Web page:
McCarthy Wins More Time With House Adjournment

Chamber will reconvene at noon Thursday, allowing speaker candidates to cut deals
By Rob Quinn,  Newser Staff
Posted Jan 4, 2023 5:16 PM CST
Updated Jan 4, 2023 8:05 PM CST
As House Adjourns, GOP Frustration With Holdouts Grows
Rep. Kevin McCarthy talks to reporters as he walks to his office as the House adjourns until later in the evening as they meet for a second day to elect a speaker and convene the 118th Congress in Washington, Wednesday, Jan. 4, 2023.   (AP Photo/Jose Luis Magana)

On a two-vote margin, the House decided Wednesday night to adjourn until noon Thursday after six votes so far this week have failed to choose the next speaker. This already is the most protracted election for speaker the House has seen in a century—and it's far from clear that another night of negotiations among Republicans will be able to resolve their differences. Rep. Kevin McCarthy, who has fallen short in every vote, sought the adjournment to give him more time to lobby for support among GOP members opposed to his candidacy. "I don't think a vote tonight will make a difference," McCarthy said, per the Washington Post, "but a vote in the future will."

The results of the three votes Wednesday were identical, with 201 votes for McCarthy and 20 for Rep. Byron Donalds, who told the Post that all 20 are on the same page with their demands. Caucus members will now have a "real deliberative process and ability, which is expected of members of the legislature to go through these items and come to consensus," he said. Some Republicans, including McCarthy, said negotiations had made progress but not achieved an agreement. Several of those trying to block McCarthy voted with Democrats to remain in session Wednesday night and deny him time to cut deals before the next speaker vote. As long as there's no speaker, the House essentially is shut down, per the New York Times; it can't swear in the newly elected members, much less pass legislation or hold hearings.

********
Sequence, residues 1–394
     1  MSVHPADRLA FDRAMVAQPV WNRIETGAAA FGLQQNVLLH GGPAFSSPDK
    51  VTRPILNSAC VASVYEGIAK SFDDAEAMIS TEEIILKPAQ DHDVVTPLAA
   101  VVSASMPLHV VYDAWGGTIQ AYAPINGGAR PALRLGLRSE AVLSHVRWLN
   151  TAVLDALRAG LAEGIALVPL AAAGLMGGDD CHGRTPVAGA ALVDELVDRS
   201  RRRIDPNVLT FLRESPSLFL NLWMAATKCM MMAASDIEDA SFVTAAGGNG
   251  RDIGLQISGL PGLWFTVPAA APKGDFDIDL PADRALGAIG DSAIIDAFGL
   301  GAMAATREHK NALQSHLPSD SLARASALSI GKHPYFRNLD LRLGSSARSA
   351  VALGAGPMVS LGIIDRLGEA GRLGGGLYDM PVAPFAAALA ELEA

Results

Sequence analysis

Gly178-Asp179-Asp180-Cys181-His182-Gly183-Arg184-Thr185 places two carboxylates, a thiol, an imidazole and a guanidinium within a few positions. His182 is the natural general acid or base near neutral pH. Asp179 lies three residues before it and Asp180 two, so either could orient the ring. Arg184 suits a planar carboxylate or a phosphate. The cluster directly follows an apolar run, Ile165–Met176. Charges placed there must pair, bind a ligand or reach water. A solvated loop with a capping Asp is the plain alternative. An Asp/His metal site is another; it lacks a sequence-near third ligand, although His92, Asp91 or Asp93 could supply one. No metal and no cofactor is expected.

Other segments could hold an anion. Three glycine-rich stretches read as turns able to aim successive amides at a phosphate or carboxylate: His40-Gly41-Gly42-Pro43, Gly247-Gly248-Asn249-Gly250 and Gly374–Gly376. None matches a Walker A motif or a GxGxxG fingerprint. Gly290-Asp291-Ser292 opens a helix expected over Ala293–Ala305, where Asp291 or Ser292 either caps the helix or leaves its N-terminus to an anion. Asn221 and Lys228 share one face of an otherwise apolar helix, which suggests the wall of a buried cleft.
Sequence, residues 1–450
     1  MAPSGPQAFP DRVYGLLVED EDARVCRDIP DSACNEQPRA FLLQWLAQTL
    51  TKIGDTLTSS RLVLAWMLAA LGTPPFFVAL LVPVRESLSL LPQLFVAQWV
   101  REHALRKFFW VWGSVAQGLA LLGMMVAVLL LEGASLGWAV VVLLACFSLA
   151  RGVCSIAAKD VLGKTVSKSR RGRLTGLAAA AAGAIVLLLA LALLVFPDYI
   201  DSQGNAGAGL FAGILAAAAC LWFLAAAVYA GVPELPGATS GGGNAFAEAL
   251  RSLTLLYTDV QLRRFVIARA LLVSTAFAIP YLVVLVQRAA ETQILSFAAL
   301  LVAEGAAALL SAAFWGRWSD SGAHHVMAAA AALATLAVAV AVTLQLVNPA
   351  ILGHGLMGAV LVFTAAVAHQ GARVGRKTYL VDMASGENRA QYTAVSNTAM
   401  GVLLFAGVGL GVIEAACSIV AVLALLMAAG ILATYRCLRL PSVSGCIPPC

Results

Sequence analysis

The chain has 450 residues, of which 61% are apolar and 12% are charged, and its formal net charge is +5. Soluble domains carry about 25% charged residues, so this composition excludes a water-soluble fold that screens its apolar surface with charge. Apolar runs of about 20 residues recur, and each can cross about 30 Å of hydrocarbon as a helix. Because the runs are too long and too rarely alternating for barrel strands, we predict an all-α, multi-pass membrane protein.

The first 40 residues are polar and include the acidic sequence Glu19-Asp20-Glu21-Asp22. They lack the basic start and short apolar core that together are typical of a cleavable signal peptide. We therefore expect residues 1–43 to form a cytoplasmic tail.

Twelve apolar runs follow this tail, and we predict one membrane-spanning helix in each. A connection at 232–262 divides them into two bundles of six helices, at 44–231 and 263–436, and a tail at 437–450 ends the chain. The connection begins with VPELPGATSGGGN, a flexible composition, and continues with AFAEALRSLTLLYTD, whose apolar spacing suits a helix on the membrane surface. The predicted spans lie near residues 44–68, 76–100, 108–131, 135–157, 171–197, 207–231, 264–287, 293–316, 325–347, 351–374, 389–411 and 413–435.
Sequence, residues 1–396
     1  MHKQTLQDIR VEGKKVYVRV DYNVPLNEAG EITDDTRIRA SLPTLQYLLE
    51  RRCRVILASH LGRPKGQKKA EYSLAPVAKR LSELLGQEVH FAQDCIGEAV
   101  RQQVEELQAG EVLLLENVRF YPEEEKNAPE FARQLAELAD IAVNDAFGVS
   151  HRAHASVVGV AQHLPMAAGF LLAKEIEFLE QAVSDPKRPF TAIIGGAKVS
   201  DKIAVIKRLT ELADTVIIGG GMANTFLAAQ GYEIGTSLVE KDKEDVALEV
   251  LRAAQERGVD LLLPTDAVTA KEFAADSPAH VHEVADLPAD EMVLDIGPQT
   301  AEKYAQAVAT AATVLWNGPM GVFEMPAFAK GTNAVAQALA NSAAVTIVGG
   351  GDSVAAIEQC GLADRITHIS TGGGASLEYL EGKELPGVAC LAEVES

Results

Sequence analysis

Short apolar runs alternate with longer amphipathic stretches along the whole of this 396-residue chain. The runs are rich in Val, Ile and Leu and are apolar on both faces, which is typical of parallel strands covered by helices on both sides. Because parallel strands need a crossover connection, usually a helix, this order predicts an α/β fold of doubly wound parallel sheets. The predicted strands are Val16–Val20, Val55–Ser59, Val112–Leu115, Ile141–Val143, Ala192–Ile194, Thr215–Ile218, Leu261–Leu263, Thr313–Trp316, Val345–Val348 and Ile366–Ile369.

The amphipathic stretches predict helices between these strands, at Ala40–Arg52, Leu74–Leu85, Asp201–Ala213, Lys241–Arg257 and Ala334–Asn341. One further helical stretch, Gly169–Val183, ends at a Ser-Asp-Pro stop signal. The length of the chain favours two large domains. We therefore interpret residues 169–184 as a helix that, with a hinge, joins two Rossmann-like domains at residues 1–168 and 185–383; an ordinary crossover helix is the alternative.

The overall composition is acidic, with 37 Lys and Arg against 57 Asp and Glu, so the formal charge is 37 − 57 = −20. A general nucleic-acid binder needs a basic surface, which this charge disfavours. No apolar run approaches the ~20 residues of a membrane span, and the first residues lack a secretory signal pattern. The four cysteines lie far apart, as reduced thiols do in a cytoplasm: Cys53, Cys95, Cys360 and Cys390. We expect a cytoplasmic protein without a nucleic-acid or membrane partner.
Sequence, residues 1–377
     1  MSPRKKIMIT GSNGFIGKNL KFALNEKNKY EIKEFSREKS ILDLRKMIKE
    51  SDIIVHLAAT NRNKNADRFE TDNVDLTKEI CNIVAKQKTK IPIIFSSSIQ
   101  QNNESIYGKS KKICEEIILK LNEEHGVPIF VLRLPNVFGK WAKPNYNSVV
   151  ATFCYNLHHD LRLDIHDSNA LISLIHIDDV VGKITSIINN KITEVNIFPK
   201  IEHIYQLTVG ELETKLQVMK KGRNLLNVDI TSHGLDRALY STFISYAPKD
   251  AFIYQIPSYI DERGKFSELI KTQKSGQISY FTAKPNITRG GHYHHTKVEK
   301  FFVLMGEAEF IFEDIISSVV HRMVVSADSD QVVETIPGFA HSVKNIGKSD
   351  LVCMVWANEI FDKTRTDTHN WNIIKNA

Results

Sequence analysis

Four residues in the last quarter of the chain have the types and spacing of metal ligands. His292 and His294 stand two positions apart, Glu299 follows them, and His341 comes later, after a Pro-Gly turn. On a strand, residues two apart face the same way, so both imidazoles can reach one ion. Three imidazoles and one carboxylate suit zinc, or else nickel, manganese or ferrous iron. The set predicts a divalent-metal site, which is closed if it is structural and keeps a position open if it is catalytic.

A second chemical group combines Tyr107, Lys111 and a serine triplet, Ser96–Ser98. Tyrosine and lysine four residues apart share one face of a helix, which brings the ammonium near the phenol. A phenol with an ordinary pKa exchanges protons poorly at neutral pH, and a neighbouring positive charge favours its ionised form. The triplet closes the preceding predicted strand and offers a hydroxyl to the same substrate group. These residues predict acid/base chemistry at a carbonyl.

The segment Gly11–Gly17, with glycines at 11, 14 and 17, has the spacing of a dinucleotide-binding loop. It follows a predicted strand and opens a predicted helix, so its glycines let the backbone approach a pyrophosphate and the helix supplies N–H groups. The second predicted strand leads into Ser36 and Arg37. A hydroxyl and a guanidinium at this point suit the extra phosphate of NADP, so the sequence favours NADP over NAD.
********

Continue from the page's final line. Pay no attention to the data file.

Some McCarthy voters are growing frustrated, including Rep. Don Bacon, who told the Times that he "doesn't like being held hostage" by the holdouts. Contrary to Donalds' remarks, he said the hardline conservatives who voted against McCarthy are not a cohesive group with a consistent set of demands. Bacon said that if the stalemate continues, "at some point it may require a bipartisan solution." In each of the six rounds of voting, all 212 Democrats in the chamber voted for Rep. Hakeem Jeffries. The Post notes that Jeffries has now accumulated more votes in elections to be speaker of the House than John Boehner, who was nominated five times—in five different years—and served as speaker from 2011 to 2015.

Rep. Jeff Van Drew suggested it was time for leaders to "get everybody back in the caucus room and start beating the daylights out of each other until we get somewhere," Politico reports. He compared the situation to Dante's nine levels of hell, saying, "I'm in at least one of them right now." McCarthy has vowed that he will stay in the race for as long as it takes, and the holdouts also seem unwilling to budge. "It's just a matter of time until Kevin McCarthy finally realizes he doesn't have the 218 votes and he's not going to get 218 votes," Rep. Bob Good tweeted. This file has been updated with the adjournment and other developments Wednesday night. (Read more speaker of the House stories.)

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